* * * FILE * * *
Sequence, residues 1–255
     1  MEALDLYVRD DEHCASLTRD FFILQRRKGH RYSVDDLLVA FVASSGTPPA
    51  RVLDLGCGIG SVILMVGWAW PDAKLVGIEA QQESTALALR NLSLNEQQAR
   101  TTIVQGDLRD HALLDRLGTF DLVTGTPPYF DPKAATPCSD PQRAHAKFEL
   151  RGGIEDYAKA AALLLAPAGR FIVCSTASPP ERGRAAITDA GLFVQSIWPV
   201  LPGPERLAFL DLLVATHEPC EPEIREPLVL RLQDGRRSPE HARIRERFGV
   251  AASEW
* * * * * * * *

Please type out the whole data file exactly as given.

Sequence, residues 1–255
     1  MEALDLYVRD DEHCASLTRD FFILQRRKGH RYSVDDLLVA FVASSGTPPA
    51  RVLDLGCGIG SVILMVGWAW PDAKLVGIEA QQESTALALR NLSLNEQQAR
   101  TTIVQGDLRD HALLDRLGTF DLVTGTPPYF DPKAATPCSD PQRAHAKFEL
   151  RGGIEDYAKA AALLLAPAGR FIVCSTASPP ERGRAAITDA GLFVQSIWPV
   201  LPGPERLAFL DLLVATHEPC EPEIREPLVL RLQDGRRSPE HARIRERFGV
   251  AASEW